- #1

ryoonc

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## Homework Statement

Evaluate the surface integral ∫∫S F · dS for the given vector field F and the oriented surface S. In other words, find the flux of F across S. For closed surfaces, use the positive (outward) orientation.

F(x, y, z) = xy i + yz j + zx k

S is the part of the paraboloid z = 3 - x[tex]^{2}[/tex] - y[tex]^{2}[/tex] that lies above the square 0 ≤ x ≤ 1, 0 ≤ y ≤ 1, and has upward orientation.

## Homework Equations

[tex]\int \int F\cdot dS = \int \int \left( -P \frac{\partial g}{\partial x} -Q \frac{\partial g}{\partial y} +R \right) dA[/tex]

## The Attempt at a Solution

I've gone over the examples in my calculus book two or three times now and I get confused about a couple things:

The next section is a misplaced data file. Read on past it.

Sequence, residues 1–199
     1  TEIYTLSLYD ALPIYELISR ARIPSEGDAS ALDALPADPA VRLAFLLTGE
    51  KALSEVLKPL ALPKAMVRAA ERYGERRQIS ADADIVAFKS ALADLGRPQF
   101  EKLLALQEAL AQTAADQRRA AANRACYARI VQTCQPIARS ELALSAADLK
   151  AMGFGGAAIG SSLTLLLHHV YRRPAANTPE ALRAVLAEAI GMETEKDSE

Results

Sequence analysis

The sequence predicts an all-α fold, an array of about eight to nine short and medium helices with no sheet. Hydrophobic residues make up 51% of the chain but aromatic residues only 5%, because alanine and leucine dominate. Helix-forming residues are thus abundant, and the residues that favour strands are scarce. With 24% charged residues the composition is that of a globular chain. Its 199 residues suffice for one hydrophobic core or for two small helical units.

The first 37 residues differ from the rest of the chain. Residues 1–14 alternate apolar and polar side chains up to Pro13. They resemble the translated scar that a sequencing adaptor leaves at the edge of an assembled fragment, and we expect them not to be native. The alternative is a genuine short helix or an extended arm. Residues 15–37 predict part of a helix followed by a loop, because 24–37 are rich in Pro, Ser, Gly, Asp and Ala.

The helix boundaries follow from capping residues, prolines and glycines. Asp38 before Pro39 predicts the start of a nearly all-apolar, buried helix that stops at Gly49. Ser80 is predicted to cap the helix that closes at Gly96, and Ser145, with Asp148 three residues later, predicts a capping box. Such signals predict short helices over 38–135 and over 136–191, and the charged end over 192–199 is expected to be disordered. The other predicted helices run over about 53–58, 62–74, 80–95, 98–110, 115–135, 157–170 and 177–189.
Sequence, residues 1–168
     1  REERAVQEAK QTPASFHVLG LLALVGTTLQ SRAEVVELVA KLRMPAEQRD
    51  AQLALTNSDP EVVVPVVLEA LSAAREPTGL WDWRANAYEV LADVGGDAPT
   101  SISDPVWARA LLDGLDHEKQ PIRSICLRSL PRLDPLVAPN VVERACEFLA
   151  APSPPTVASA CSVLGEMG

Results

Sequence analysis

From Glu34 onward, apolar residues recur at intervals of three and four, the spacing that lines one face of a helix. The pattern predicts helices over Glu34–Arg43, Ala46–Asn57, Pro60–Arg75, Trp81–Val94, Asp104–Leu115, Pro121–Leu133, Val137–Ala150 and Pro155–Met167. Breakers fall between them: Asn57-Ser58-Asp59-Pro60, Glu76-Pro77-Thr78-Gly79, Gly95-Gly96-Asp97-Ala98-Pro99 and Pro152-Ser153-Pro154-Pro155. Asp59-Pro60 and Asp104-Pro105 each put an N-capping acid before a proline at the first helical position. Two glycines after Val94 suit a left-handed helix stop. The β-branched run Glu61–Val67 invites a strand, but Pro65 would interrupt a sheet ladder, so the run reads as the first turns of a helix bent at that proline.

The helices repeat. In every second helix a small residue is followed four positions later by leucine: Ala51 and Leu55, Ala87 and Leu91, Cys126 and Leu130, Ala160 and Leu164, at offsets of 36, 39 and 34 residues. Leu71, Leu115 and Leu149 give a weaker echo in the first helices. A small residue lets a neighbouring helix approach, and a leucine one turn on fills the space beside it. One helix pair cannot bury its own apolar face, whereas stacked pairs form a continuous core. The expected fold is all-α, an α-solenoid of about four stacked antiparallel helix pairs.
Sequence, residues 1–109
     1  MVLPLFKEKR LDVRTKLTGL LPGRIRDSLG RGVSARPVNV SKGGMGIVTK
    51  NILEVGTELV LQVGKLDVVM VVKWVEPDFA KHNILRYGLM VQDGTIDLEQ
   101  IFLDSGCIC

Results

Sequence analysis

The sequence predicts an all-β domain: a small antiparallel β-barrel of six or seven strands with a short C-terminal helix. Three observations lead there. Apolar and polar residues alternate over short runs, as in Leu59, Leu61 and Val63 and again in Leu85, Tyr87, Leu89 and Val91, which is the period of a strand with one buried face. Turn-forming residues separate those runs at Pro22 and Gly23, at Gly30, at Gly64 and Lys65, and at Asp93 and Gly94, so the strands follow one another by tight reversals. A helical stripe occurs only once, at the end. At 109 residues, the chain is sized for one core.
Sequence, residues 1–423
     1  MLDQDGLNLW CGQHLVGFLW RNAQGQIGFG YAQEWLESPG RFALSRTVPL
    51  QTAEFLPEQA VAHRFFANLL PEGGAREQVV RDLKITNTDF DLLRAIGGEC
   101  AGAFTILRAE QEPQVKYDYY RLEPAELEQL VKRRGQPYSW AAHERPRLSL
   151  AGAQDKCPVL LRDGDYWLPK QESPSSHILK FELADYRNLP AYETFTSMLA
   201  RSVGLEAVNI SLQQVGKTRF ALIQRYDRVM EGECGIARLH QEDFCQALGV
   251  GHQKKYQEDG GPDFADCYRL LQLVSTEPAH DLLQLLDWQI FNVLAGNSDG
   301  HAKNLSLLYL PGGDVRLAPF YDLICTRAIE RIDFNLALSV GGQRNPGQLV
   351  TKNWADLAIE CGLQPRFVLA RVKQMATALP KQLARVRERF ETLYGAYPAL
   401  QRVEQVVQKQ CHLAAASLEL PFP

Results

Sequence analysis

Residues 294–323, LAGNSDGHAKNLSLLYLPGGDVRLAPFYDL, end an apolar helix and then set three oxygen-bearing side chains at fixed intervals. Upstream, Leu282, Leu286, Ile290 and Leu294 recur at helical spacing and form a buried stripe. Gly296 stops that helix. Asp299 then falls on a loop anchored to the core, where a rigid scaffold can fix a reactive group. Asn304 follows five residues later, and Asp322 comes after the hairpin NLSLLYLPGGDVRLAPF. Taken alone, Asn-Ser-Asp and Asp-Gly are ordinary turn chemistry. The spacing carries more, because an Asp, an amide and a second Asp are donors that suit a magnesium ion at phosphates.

dA is r*dr*d[tex]\theta[/tex], and I replace the x's and y's with rcos[tex]\theta[/tex] and rsin[tex]\theta[/tex], respectively, and substituting z with the given equation, but I still get a wrong answer. Here's my attempt:

[tex]\int \int ( -y(-2x) -x(-2y) +3-x^{2}-y^{2})dA[/tex]

...and after substituting x and y and z for their polar coordinates and then simplifying, I get:

[tex]\int ^{\pi / 2}_{0} \int ^{1}_{0} (3+4r^{2}cos(\theta)sin(\theta)-r^{2})rdrd\theta[/tex]

I was kind of hoping this would get me the right answer, but it's not (I end up with [tex] \frac{5 \pi}{8} + \frac{1}{2}[/tex]), and I think it has to do with the r domain that I used, or perhaps my entire equation. In any case I'm not sure how to implement the square of length 1 in xy plane domain into my equation. Where have I gone wrong?

Thanks in advance